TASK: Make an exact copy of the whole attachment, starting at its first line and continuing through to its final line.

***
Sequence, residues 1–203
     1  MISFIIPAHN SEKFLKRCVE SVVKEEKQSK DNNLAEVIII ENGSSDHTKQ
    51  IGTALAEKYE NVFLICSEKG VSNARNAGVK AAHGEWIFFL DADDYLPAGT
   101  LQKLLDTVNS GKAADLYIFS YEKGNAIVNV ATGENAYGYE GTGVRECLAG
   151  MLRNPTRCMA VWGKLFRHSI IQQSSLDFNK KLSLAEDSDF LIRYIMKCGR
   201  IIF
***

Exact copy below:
Sequence, residues 1–203
     1  MISFIIPAHN SEKFLKRCVE SVVKEEKQSK DNNLAEVIII ENGSSDHTKQ
    51  IGTALAEKYE NVFLICSEKG VSNARNAGVK AAHGEWIFFL DADDYLPAGT
   101  LQKLLDTVNS GKAADLYIFS YEKGNAIVNV ATGENAYGYE GTGVRECLAG
   151  MLRNPTRCMA VWGKLFRHSI IQQSSLDFNK KLSLAEDSDF LIRYIMKCGR
   201  IIF